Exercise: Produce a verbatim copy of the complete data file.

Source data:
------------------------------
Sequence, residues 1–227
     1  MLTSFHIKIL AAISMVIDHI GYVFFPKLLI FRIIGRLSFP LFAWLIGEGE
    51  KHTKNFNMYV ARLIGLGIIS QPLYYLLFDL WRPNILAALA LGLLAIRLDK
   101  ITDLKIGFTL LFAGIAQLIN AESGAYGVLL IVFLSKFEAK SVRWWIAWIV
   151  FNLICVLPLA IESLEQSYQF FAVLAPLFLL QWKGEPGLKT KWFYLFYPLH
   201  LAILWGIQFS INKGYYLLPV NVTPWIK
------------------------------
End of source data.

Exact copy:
Sequence, residues 1–227
     1  MLTSFHIKIL AAISMVIDHI GYVFFPKLLI FRIIGRLSFP LFAWLIGEGE
    51  KHTKNFNMYV ARLIGLGIIS QPLYYLLFDL WRPNILAALA LGLLAIRLDK
   101  ITDLKIGFTL LFAGIAQLIN AESGAYGVLL IVFLSKFEAK SVRWWIAWIV
   151  FNLICVLPLA IESLEQSYQF FAVLAPLFLL QWKGEPGLKT KWFYLFYPLH
   201  LAILWGIQFS INKGYYLLPV NVTPWIK